Every contractor has their own reasons for enjoying the contracting lifestyle, but typically these include usually being paid more than permanent staff working on the same projects, getting to choose when and where to work, when to take holidays, and getting to be their own boss.
But there are also downsides to contracting, such as having less security; no guaranteed work and no sick pay or holiday pay. Becoming a contractor is not a decision to make lightly, but if you have weighed up the advantages and disadvantages and have decided it is for you, then there are several steps you will need to take before you can begin contracting.
Do your research
First thing’s first, you need to do some thorough research into your market. You need to make sure that there is demand for your skillset as a contractor, and take a look at the rates currently being offered. You can do this by checking job sites or talking to contract recruitment agencies in your industry to see what kind of contracts are available and whether you would be suitable for them. You will also need to find out where the demand for your skill set is, which means you may need to be flexible on the location of your contracts.
Set up your contractor company
If you feel there are sufficient opportunities for you to contract, the next thing you will need to do is decide how you want to run your business. In essence you have the choice between setting up a limited company or operating under an umbrella company, and there are pros and cons to each. Setting up a limited company where you become director and shareholder, is the most tax-efficient way of contracting, and allows you to have complete control over your financial affairs. There are however legal obligations and paperwork requirements in running a limited company, which is why some contractors prefer to use umbrella companies, who will take responsibility for invoicing, paperwork, collection of money etc on their behalf. However with an umbrella company you effectively become an employee again and are therefore eligible for PAYE and national insurance contributions.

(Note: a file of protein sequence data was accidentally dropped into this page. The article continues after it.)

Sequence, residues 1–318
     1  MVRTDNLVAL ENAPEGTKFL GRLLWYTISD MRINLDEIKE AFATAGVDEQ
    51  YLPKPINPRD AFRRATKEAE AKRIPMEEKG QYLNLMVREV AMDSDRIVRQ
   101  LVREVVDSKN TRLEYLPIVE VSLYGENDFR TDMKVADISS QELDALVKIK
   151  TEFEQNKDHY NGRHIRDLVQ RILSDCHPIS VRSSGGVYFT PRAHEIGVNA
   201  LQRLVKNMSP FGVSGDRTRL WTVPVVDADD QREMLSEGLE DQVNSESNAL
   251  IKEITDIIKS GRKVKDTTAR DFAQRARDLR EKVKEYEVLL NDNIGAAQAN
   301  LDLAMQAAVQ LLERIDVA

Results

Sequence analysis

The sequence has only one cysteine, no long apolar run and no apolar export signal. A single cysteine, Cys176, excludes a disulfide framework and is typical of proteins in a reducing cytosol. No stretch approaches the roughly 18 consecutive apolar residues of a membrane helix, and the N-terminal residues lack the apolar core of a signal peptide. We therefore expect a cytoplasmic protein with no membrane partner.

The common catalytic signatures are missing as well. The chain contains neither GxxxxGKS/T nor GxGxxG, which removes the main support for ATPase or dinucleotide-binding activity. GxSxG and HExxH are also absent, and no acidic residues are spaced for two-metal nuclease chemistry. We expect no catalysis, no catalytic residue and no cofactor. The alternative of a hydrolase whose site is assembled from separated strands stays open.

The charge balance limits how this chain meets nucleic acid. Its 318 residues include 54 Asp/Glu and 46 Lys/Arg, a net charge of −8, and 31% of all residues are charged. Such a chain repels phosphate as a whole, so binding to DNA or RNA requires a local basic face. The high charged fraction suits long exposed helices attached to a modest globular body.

Find a contract
The most popular method of finding a contract is online searching. For many the first stop will be search engines or online job boards where you can use their search facilities to find the work you are looking for and apply for contracts from a variety of different clients and agencies. It is also worth checking job listings on the end clients’ websites and keeping your ear to the ground on forums, newsletters and social media sites such as LinkedIn. LinkedIn is also a handy tool for building your network and keeping in touch, as both online and offline networking are valuable ways of finding new contracts.
Be aware of IR35
IR35 affects all contractors who do not meet HMRC’s definition of ‘self-employment’ and was designed to stop contractors working as ‘disguised employees’, by taxing them at a rate similar to employment. Contractors benefit from tax advantages, therefore if you are working as a contractor but with the same responsibilities, control and benefits as a permanent employee – you are not entitled to a different tax regime and should declare yourself ‘inside’ IR35. If you declare that you are working outside IR35 but HMRC find that you are actually within it, you could face a huge tax bill and penalty. This is why you must make sure that both your contract and working practices reflect that you are working as an independent contractor and therefore ‘outside’ IR35. You should also be aware that from April 2017 contractors working in the public sector will no longer be responsible for deciding their own IR35 status, and the responsibility to pay tax if the intermediaries legislation applies will move from the worker to the staffing agency or third-party who pays them.
As a contractor you will be providing professional advice and services which your clients rely on, therefore if something goes wrong and it causes the client financial loss they have a legal right to claim against you. No matter how skilled you are or how careful you are on a contract, there is always potential for you to make a mistake. Clients may also allege contractors have made mistakes or breached their contract when they have not. Professional indemnity insurance can protect contractors against such claims, and may cover legal costs due to negligence, or compensation needed to pay to correct a mistake. Not only could professional indemnity insurance protect you and give you peace of mind, it also provides reassurance to your clients. In many contracts professional indemnity cover is now often specified as a requirement.
Professional indemnity insurance can help protect you if claims are brought against you by a client. Find out more about our Professional Indemnity insurance